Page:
But... do not be intimidated by these auditors, either. Document everything! E-mail is the great equalizer in this situation. Use it to reiterate each conversation, their side and the company's, and ask for verification of agreement with the company's understanding of what was said. Sometimes, if these auditors know their position is unreasonable, an unwillingness to document their position is enough to get them to back down.
Hold these types of auditors to an even greater level of assistance you would expect from a more professional auditor. If they make an assertion, make sure they provide you with a statute to back that assertion. If they tell you that you have to implement a certain practice that seems impossible, ask them to tell you how other companies have gone about implementing that practice.
Finally, when you are audited again and, if you are assigned the same auditor, ask for a reassignment. Again, when making this request, be professional and courteous. Chances are that any auditor will be better than this one and another auditor will probably know the reputation of the previous auditor and be more sympathetic to your company. On the other hand, the new auditor might be the last auditor's best friend, so be careful when bringing up a bad audit. Mentioning the confusion and frustration that occurred in the last audit and ways that you hope this audit will be better is appropriate... mentioning that the previous auditor definitely fell into the "ugly" category is not.For All...
After discounting any negative opinion you may have of the auditor, you may have a sound basis for believing the audit results are unfair or controversial. Put the rebuttal in writing and mail the response. It will become a part of the audit documentation and viewed by the auditor's supervisor. The auditor will have to provide a succinct response to each point you make. Often, the auditor will request additional documentation to support the rebuttal as well. If a point is not addressed, reassert it (5). Do not sign to close an audit until each point that you have made has been addressed in writing.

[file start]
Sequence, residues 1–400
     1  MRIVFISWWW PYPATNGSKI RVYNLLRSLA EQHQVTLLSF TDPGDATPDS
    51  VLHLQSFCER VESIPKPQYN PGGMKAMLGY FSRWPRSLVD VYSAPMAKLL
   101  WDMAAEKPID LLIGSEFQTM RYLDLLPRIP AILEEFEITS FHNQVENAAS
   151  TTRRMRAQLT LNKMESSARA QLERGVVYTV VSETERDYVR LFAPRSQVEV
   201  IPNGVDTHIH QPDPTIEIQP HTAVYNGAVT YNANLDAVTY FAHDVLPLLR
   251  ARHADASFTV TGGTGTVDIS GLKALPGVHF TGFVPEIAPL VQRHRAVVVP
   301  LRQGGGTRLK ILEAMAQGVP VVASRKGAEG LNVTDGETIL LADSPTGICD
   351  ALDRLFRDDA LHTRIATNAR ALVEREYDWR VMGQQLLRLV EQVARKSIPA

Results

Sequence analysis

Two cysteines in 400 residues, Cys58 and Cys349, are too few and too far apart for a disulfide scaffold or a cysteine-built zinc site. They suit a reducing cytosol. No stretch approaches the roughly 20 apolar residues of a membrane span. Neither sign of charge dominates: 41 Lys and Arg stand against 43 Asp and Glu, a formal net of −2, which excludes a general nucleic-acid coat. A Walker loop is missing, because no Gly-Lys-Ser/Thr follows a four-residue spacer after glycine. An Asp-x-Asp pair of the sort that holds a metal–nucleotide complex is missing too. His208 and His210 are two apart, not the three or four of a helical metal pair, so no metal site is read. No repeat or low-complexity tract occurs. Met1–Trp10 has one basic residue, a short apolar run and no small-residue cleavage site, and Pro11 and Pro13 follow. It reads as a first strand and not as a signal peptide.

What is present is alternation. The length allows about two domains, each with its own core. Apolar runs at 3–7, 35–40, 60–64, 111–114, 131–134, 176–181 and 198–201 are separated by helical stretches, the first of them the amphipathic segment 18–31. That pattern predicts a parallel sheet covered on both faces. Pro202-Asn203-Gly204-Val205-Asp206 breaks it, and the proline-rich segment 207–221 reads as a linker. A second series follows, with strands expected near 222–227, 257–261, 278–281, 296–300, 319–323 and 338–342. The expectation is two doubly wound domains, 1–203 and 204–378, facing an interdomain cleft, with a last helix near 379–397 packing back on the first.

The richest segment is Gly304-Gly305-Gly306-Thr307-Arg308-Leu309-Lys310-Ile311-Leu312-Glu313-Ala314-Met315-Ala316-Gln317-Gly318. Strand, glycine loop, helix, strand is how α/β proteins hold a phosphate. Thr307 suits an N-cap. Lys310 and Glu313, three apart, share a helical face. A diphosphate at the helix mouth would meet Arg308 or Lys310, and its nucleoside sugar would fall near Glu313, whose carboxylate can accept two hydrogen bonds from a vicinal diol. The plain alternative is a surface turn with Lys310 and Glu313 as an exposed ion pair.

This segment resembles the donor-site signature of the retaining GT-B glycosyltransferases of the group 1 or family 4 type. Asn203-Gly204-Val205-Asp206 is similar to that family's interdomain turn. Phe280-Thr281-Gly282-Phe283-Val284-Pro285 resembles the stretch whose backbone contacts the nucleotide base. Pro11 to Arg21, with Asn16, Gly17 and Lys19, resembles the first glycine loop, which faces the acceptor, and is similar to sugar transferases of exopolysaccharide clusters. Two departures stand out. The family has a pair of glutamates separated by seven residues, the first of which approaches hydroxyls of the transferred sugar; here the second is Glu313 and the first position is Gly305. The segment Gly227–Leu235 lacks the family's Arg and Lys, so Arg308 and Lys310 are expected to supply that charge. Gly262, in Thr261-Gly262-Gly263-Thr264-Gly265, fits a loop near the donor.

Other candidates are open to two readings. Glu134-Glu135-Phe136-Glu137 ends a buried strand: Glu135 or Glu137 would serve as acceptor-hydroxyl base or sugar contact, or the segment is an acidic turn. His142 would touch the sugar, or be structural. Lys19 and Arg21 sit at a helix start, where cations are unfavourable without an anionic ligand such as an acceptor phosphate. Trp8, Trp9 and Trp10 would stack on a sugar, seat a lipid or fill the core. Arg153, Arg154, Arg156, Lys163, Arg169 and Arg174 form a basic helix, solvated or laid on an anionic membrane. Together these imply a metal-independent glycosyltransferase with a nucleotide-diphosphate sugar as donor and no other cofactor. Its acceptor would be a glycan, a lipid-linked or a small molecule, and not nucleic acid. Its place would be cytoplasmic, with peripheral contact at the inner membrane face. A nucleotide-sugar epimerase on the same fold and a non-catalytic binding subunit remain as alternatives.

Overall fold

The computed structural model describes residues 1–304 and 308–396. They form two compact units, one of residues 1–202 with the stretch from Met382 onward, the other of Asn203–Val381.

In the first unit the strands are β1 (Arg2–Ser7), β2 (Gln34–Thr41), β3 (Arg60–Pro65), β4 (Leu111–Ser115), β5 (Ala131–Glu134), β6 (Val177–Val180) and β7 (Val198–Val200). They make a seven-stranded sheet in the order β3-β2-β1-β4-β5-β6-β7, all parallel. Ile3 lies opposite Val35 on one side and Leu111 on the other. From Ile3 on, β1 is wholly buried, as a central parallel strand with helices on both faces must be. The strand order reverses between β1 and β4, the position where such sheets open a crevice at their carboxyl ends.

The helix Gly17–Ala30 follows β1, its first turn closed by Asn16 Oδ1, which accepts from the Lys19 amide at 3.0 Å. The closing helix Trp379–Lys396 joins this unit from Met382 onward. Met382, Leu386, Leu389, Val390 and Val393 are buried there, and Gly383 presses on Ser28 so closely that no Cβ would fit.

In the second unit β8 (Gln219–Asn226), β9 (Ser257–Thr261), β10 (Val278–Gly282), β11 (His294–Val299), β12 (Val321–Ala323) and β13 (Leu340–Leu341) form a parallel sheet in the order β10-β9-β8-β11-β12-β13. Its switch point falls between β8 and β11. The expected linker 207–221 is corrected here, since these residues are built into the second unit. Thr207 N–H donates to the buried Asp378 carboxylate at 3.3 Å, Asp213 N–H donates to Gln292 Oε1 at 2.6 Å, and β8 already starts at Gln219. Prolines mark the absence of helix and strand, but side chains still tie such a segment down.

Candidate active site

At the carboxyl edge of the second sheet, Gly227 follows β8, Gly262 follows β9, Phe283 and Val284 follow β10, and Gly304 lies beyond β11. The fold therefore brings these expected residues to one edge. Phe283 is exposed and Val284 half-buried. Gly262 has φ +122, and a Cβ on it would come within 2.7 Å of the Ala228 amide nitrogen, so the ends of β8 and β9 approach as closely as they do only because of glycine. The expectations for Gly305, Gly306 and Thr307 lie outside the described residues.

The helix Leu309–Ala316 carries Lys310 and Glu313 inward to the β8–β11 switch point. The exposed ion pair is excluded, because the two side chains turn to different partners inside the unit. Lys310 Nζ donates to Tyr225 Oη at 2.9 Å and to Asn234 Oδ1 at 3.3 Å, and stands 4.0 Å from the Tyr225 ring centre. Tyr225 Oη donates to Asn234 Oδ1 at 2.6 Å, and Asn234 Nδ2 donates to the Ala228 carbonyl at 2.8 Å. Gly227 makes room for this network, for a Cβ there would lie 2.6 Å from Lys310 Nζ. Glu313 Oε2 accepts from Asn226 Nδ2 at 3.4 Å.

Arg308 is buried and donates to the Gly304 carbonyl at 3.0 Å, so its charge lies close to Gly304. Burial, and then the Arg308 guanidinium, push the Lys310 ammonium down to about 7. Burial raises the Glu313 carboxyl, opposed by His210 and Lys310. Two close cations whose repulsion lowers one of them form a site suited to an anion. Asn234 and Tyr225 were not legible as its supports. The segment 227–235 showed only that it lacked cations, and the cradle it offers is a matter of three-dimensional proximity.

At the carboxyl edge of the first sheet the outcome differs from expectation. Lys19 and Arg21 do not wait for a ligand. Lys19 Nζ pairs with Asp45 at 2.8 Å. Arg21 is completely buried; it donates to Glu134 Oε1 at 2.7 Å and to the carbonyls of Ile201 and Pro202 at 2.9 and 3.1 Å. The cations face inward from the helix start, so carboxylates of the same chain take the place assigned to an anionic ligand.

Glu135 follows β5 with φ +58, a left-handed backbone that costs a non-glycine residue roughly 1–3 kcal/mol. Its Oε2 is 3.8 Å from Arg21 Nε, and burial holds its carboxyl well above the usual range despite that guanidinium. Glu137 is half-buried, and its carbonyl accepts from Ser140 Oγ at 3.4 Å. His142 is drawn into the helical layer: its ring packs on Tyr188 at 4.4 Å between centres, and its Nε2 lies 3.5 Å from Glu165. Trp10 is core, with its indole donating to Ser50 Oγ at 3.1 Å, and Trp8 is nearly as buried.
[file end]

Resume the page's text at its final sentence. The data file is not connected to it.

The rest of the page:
Unless agreement is reached, request that the auditor set up a formal or at least a telephone conference with the auditor's supervisors before signing off on the final audit results. If you are told that you can't speak to a supervisor because of policy, let the auditor know that you understand that the auditor does not want to be seen as going outside of policy, but that the company intends to try to make that call anyway. It is always easier and less costly to handle issues before the close of the audit. At this conference, ask what the procedures are for appealing the assessment. Also, ask for the statute or guidelines that outline the procedure (6). Remember to make your requests in a professional and courteous manner.
Possibly the most important factor affecting an audit outcome and the probability of future audits is the auditor's perception of the company's level of commitment to compliance. Chances are that there will be agreed upon assessments, assessments that the company decides to accept without agreement, and/or assessments that are mandated upon appeal. For each of these, the company should let the auditor know how the assessment situation came about, if and only if that situation is one with which the auditor can sympathize... and what practices the company plans to implement to avoid future assessments.Footnotes:
1 Some states do negotiate lesser payments of legitimate taxes in certain circumstances, so it does not hurt to ask and/or investigate the policy of the auditing state.
2 Never rely solely on taxability advice from a hotline! Use a hotline to confirm a conclusion you have already reached or ask for a statute or regulation to back up the information that you receive from the hotline.
3 If some kind of abatement is not offered in an audit ask for it.
4 A good auditor who has been with the department 20 years will usually be the first to tell you they don't know it all.
5 On one audit with at least 10 written points of contention, only 5 were addressed in the first auditor response. Two more responses were needed to get each point of contention addressed.
6 Even if you have the statute and regulation in hand, ask. Auditors generally don't like to have their assessments appealed... That doesn't mean that they will reverse a legitimate assessment over a threat to appeal.